> What does a second tender accomplish?  I’m not sure. Under the voluntary delisting rules, the ownership group only needed to acquire enough shares through the tender offer to have an aggregate ownership of greater than 95% of HLCM’s outstanding shares. Since they entered the tender with 94.95% of the outstanding shares, Holderfin was offering to buy up to 325.5 million shares (the entirety of the 4.95% of the public float remaining), but all it needed to get was about 33.5 million to push its ownership level above 95% and satisfy its PSE requirements. Will additional time make those dejected small-time investors suddenly find the leave from work to stand in line and fill out triplicate forms to prevent the loss of P10,000 in HLCM stock? I doubt it. It’s nearly two weeks since the original tender offer period ended. Anyone still holding stock is likely doing so only because the process of doing that work is either impossible or so burdensome so as to be the functional equivalent of impossible. My suspicion is that HLCM probably already has enough shares from the original tender offer to delist, and that this second tender offer is a way for the PSE and SEC to save face and transfer the “blame” to minority shareholders for their own inability to complete the transaction.

> Who is to blame for this situation?  The PSE’s argument that HLCM should have known the consequences of triggering a suspension before initiating a tender offer is valid. HLCM’s argument that the PSE should simply lift the suspension to permit the trading of its shares on the PSE’s facility is also valid. The BIR’s insistence on processing the transaction in accordance with the stated rule appears valid. And yet, the minority shareholders’ overwhelming dissatisfaction with how this whole process has gone is perhaps the most valid and persuasive. The minority shareholders are the only ones who are blameless in this situation, and are (interestingly) the only group that is negatively impacted by any of this.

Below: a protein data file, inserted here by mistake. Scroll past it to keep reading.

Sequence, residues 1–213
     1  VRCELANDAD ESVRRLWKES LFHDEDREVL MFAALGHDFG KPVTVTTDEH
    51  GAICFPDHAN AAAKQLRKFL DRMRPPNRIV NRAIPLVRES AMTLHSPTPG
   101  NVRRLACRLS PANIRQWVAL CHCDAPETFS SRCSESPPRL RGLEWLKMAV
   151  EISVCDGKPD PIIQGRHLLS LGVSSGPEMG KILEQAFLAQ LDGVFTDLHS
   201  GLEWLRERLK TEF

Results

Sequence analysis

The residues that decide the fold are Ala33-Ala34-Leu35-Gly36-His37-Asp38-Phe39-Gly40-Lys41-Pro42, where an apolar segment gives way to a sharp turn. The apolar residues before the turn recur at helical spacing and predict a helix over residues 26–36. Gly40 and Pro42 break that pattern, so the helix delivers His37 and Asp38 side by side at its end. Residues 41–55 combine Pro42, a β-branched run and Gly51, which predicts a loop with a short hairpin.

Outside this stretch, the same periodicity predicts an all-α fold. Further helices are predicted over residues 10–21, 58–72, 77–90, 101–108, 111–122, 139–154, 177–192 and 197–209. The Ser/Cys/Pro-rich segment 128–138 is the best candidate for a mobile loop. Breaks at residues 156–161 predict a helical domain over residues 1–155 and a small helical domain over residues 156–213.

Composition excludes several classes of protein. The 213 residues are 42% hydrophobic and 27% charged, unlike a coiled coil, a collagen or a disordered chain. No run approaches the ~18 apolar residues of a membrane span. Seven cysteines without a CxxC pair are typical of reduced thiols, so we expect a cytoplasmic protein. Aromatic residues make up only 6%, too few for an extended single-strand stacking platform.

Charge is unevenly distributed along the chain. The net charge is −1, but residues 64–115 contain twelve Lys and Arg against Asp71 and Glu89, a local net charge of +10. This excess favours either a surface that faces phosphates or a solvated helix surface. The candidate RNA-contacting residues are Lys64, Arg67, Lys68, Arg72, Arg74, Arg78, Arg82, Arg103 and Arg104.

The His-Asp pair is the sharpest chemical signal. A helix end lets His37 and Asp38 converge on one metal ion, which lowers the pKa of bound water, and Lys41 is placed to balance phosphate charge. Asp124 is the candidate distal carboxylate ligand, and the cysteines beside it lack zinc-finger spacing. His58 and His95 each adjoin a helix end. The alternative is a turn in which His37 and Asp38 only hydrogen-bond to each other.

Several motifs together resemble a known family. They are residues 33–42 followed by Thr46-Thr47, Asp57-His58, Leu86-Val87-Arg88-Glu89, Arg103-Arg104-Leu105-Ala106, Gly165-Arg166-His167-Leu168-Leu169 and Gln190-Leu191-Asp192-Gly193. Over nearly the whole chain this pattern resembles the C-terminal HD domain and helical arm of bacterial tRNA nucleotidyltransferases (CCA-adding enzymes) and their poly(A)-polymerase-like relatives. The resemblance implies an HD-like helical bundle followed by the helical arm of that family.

MB bottom-line: This is one of those cases where there is no clear way forward, except to work toward a framework where something like this can’t happen again. I think that the PSE’s amended rules could accomplish that, but HLCM shareholders don’t care about how the next delisting will be handled; they care about how this delisting will be handled. Could the BIR make more money if they allowed the transaction to proceed under the standard transfer tax scheme? Probably. Could the PSE lift the HLCM suspension on its own accord to facilitate one exempted transaction, then write a rule to prevent it from happening again? Probably. Could the SEC do more for the minority shareholders in this situation? Undoubtedly. It’s as if the SEC heard the cries of someone struggling under the weight of a failed bench press in the gym, and instead of running over to help lift that weight off of the person, decided to simply do nothing to give that weight lifter “more time” to accomplish the lift. Because that’s exactly what they needed. More time. /s